Third: Suppose the objector were a DM who actually liked to use DCs in multiples of 5. They approach the redesigner, red-faced, saying: I have a DC 65 check, which worked perfectly well before, but now you're telling me the DC is 4.5! You can't roll a 4.5!"

"You're right," says the designer. "How about this: round your DCs down to the nearest whole number, but keep track of whether it was a half originally. So your 4.5 becomes a 4. But if the player rolls exactly 4 on their d10 (after modifiers), have them then roll a d6. If they get 4 or more, they succeed, otherwise they fail."

They then go to their graph, and fill in points on the second line at 10.5, 9.5, etc., which sit at 5% success, 15% success, etc., explaining, "Your DC 65 check becomes almost like a DC 4 check, except it's a little more difficult because there's an extra step involved to succeed. A DC 4 check has a 70% chance of success, since you can roll anything but a 1, 2 or 3. In your case, they have one extra way to fail: by rolling a 4 and then rolling a 1, 2 or 3 on the d6. That happens (1/10) * (3/6) of the time, or 5%. So there's now a 35% chance of failing, and a 65% chance of succeeding, just like there would have been before.

The objector thinks for a minute and says, "That's a B.S. kludge. Those points you're drawing don't exist! You can't just say that you can have a DC 4.5 check, if you can't roll 4.5! What kind of statistics mumbo jumbo is this?"

Is the designer pulling a fast one? Does their suggested fix allow for 55 or 65 DCs, etc. to work as intended? Or is something wrong?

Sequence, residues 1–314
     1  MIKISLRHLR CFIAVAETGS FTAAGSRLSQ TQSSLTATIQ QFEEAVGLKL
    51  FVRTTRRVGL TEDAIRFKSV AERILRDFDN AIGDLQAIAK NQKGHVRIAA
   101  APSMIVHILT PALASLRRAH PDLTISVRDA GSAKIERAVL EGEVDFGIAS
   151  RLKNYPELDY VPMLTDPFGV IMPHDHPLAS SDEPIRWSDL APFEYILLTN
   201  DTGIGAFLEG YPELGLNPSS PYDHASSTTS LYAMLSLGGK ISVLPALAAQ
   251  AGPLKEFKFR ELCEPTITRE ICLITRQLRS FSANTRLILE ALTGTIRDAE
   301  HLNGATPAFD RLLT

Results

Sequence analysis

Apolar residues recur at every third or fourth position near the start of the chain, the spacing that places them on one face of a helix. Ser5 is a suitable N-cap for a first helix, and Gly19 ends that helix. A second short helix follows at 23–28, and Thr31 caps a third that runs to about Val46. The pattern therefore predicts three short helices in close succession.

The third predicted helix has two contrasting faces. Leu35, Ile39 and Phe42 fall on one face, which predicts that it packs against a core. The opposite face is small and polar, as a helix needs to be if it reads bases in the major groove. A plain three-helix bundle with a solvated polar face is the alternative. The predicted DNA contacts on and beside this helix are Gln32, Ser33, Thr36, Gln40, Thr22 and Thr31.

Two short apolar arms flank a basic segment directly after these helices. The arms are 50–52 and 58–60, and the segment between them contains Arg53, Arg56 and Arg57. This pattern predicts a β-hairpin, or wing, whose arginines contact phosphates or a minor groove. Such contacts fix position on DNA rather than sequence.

Ovinomancer

No flips for you!
@Ovinomancer, here's an analogy for you. I'm curious what your intuitions are.

Suppose all this time 5e had used a percentile system to resolve checks, instead of the d20, and you had to roll at or under the DC to succeed. A medium difficulty task was DC 60, a really hard task was DC 10, etc. The proficiency bonus started at +20 and went up in increments of 10, and ability scores went from 0 to 100, with modifiers set to 0 at a 50 and going up by 10 whenever the ten's digit goes up, so, when you hit 60 you're at +10, 70 is a +20, etc., all the way up to +50 at 100. Also, instead of adding your bonus to the roll, you added it to the DC (thus making it easier to succeed).

Now someone comes along and says, "It's a pain to have to roll two dice for every check, and also wouldn't it be nice if the DM could keep some DCs secret without having to know everybody's bonuses? What if we scaled ability scores and bonuses down by a factor of 10, rolled a d10 instead of a d100 to resolve outcomes, added bonuses to the roll instead of the DC, and said that a success was rolling at or above the target instead of at or below it? To keep things comparable, we'll modify all the DCs to be DC' =1 + (100 - DC)/10, so 60 becomes 5, 50 becomes 6, 40 becomes 7, and so on."

First question for you: if nobody ever used DCs that weren't multiples of 10, would this change have any effect on the outcomes in the game? (I'm not asking whether it would have an effect on how much work it is, just whether it would affect outcomes)

Second question: Suppose somebody objected to this change, saying: "You can't say that this won't have an impact! We used to have 100 increments, and now we only have 10!"